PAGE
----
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PYGMY SPERM WHALE DIES DESPITE RESCUE

ZAMBALES fishermen found the first male Pygmy Sperm Whale specimen in the Philippines stranded on the shores of San Narciso town on Sunday afternoon (16 Sept.)

The previous two finds, one in Bulacan and the other in Ilocos, were both female, according to Lem Aragones of the Philippines Marine Mammal Stranding Network.

Aragones said the whale, weak and with battle scratches & superficial injuries around the body when found, measured around 3 meters long, weighing some 700 to 800 kgs. and approximately “an old one.”

After preliminary assessment and initial treatment by Mariel Flores, resident veterinarian of Ocean Adventure, the whale was moved from the beach to a lagoon to stabilize its condition.

Philippine Coast Guard and Philippine Navy personnel kept an overnight watch on the beleaguered whale, which expired around noon the next day after discharging blood from its blowhole, the mammal’s equivalent of the human nose.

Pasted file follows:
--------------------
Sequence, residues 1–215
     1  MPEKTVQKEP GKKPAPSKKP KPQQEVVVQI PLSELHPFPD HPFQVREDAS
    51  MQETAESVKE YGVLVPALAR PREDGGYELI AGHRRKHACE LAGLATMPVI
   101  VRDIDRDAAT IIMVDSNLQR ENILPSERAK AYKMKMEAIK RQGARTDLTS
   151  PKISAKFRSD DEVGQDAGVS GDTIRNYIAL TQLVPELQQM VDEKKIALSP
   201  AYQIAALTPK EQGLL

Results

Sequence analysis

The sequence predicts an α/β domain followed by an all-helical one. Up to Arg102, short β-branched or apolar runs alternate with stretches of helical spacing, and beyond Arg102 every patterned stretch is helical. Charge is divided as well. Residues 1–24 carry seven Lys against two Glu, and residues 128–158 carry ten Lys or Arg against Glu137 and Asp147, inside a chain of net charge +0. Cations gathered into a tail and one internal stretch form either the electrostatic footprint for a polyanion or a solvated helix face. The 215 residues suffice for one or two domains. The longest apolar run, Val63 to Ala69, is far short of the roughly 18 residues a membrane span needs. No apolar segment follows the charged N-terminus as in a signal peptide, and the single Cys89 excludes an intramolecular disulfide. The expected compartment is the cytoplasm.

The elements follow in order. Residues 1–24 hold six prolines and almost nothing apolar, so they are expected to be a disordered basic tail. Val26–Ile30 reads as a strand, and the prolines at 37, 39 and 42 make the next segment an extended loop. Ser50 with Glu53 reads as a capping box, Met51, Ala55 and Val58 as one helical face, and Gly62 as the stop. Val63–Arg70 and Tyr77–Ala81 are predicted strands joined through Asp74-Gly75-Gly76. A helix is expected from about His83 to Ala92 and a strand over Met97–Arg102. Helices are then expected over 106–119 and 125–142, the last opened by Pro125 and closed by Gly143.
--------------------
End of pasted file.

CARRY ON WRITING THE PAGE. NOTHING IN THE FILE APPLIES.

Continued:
Experts say the whale must have died mainly because the shallow lagoon water was not enough to support the animal’s weight, crushing its lungs and other internal organs.

According to LTSG. Roland Domingo of the Philippine Coast Guard Auxillary (PCGA) CHS 102 Squadron SBMA, he had arranged with SBMA Chair & Administrator Roberto V. Garcia the use of SBMA’s vessel MV Binictican to help in the rescue efforts but before it could be deployed, they received news that the whale had already died. (VVV)

 

The beleaguered sperm whale in the shallow lagoon under a small makeshift shelter and holding pen. The whale, the first male specimen found in the Philippines, died in less than 24 hours after being discovered by fishermen on the beach at San Narciso, Zambales and moved to the nearby lagoon. (Ocean Adventure photo)
Rescuers desperately look at the beleaguered sperm whale in the shallow lagoon under a small makeshift shelter and holding pen. The whale, the first male specimen found in the Philippines, died in less than 24 hours after being discovered by fishermen on the beach at San Narciso, Zambales and moved to the nearby lagoon. (Ocean Adventure photo)

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